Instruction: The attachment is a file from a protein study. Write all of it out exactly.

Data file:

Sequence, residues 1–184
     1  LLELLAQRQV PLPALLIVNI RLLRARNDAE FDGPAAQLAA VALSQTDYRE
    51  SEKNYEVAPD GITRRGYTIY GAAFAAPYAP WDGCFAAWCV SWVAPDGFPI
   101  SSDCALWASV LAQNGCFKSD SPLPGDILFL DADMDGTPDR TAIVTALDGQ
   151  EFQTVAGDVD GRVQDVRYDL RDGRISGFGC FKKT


Sequence, residues 1–184
     1  LLELLAQRQV PLPALLIVNI RLLRARNDAE FDGPAAQLAA VALSQTDYRE
    51  SEKNYEVAPD GITRRGYTIY GAAFAAPYAP WDGCFAAWCV SWVAPDGFPI
   101  SSDCALWASV LAQNGCFKSD SPLPGDILFL DADMDGTPDR TAIVTALDGQ
   151  EFQTVAGDVD GRVQDVRYDL RDGRISGFGC FKKT